T he credit rating company Standard & Poor’s downgraded Japanese sovereign debt late last month. With an AA- rating, we are now a notch below Spain, whose possibly looming debt crisis has been unnerving EU financial authorities for some time.

Remarks on the part of Prime Minister Naoto Kan to the effect that he really didn’t know much about that kind of thing drew sharp criticism from the opposition, as well as the media. A prime ministerial comment of this sort could well have earned Japanese government bonds a further downgrade on the rating scales. The fact that it did not is probably attributable to the ambiguity of Kan’s statement.

Did anyone really understand the “that kind of thing” the prime minister was professing his ignorance about? It’s just the kind of thing that really makes Japanese politics so tragicomic.

The kinds of things Kan knows or doesn’t know should mostly be his own business. It is also up to him to decide how seriously to take such things as credit ratings produced by companies who have themselves been much discredited in the aftermath of the Lehman crisis. The kind of thing he cannot get away with, however, is being clueless about the meaning of “credit,” especially as it relates to the nation’s sovereign debt obligations.

As is often pointed out, the word credit derives from the Latin word “credere,” which means “to believe.” The Credo is an important prayer in the Christian mass. Credo cards spelling out a company’s mission statement are quite fashionable these days. Thus, the exchange of credit among economic actors is based on the assumption of good faith. You lend money to somebody because you assume the debts incurred will be honored in good time and according to agreed procedures.

I might also add that the Japanese word for credit is “shinyo,” which means precisely the same thing. To place “shinyo” on somebody means you believe in them and trust in their good faith.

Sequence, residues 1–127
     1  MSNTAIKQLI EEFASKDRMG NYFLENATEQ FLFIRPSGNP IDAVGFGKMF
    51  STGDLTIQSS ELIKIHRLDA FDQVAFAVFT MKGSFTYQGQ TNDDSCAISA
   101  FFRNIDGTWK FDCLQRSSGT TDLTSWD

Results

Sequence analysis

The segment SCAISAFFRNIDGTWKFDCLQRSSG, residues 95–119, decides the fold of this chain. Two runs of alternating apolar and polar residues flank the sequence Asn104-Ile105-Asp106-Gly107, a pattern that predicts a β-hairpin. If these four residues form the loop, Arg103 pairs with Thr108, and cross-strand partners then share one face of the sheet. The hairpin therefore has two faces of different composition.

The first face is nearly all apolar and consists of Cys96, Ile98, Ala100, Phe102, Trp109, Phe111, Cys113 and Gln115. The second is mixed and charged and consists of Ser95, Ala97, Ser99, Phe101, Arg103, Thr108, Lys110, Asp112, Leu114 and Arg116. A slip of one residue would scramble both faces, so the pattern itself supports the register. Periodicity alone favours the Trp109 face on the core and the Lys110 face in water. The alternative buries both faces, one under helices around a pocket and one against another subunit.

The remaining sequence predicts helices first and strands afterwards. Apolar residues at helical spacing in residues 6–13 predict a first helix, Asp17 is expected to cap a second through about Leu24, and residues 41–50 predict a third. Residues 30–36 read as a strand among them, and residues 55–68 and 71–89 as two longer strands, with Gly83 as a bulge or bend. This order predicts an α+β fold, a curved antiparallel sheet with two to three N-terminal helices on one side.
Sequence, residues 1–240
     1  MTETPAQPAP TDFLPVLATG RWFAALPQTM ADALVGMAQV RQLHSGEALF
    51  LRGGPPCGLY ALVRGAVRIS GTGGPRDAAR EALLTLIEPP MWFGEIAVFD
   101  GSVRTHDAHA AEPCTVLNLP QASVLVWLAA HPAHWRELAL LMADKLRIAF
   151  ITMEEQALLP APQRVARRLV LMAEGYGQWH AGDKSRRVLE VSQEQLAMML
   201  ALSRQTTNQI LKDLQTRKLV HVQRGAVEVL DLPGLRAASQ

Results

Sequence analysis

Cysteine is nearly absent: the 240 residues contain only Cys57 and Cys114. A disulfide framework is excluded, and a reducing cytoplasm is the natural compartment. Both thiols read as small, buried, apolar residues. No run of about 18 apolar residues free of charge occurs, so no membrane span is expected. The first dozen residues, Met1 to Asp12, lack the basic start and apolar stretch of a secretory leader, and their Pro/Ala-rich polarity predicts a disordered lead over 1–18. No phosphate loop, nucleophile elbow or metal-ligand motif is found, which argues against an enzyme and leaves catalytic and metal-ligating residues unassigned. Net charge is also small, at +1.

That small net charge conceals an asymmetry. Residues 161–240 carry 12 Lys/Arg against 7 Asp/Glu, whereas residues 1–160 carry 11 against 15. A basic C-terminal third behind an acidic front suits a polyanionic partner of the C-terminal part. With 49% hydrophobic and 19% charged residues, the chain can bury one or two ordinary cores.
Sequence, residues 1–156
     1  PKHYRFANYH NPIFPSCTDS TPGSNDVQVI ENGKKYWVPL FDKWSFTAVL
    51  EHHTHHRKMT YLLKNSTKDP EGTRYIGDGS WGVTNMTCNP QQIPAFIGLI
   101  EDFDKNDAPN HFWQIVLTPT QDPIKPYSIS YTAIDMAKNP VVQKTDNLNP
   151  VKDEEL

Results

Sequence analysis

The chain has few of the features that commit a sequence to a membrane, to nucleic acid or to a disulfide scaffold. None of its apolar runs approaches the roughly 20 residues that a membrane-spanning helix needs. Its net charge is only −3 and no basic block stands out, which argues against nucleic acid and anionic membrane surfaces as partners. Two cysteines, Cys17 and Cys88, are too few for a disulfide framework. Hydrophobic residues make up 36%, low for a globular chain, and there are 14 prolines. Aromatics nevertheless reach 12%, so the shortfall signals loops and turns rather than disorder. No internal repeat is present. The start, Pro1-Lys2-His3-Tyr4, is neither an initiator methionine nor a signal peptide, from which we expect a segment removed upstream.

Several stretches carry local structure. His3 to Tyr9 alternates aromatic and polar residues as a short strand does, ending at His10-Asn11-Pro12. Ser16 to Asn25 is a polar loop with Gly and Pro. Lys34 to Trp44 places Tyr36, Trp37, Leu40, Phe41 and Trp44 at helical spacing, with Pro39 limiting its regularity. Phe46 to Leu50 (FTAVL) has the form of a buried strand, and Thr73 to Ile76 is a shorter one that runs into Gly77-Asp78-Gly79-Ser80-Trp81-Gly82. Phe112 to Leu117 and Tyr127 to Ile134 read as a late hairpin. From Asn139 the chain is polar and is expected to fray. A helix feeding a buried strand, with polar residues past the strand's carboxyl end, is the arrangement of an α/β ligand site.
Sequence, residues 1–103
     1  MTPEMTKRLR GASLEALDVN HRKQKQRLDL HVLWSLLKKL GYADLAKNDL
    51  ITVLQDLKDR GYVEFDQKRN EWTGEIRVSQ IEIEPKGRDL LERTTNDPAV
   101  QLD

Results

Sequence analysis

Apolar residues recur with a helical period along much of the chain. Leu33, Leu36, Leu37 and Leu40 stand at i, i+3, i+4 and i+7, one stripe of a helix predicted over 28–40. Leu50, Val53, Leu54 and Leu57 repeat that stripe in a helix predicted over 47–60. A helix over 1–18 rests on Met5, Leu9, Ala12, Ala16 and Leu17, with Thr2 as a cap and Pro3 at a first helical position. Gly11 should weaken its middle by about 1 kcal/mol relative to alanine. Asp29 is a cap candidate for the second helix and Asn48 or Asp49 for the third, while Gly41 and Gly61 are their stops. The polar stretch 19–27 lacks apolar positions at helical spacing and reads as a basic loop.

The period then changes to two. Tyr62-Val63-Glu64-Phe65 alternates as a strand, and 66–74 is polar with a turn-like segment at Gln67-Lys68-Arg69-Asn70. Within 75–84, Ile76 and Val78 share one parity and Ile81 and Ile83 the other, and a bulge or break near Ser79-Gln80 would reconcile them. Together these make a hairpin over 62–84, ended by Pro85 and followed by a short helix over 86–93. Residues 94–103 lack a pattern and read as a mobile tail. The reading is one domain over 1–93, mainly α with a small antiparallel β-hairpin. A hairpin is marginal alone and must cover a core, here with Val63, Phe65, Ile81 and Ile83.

One other kind of thing Kan cannot get away with knowing about is bondage. JGBs aren’t called Japanese government bonds for nothing. Nor indeed are any other kind of bonds — be they public- or private-sector ones.

“My word is my bond,” says Shylock the moneylender as he goes about his business on the Rialto among the merchants of Venice. The same words were the sacred code of merchant bankers in the City of London as it grew into the world’s single most influential financial center roughly 500 years ago. What you owe, you repay. You are bonded to that promise and it sticks to you come what may.

An interesting derivative of the term in Japanese is “bondo,” which started out as part of the brand name for a certain type of high-powered glue. Now it has become a pseudo-generic term for adhesive materials in general.

So the kind of thing Kan has to be aware of is that government bonds stick to you like leeches. They will not let go until you pay back your dues. Given that he expressed deep concern about Japan becoming another Greece back when he was finance minister, one has to assume he is at least aware of “that kind of thing.”

“I will have my bond” is another favorite phrase of Shylock’s as he weaves his cunning plot against the hated Antonio. The bond to which Shylock refers, of course, is a pound of the merchant’s flesh. This is another thing that Kan cannot afford not to know about. Defaulting on your bonds can cost you your life. It’s that kind of thing.

Noriko Hama is an economist and a professor at Doshisha University Graduate School of Business.

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